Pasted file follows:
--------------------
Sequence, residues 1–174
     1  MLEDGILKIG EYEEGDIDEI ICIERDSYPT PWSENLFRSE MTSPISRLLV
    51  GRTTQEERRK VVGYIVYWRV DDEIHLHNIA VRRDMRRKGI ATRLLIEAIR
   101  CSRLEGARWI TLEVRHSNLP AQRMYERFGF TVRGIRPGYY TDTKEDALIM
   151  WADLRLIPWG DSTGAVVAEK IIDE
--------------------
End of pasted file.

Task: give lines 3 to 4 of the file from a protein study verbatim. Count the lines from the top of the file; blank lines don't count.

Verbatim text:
    51  GRTTQEERRK VVGYIVYWRV DDEIHLHNIA VRRDMRRKGI ATRLLIEAIR
   101  CSRLEGARWI TLEVRHSNLP AQRMYERFGF TVRGIRPGYY TDTKEDALIM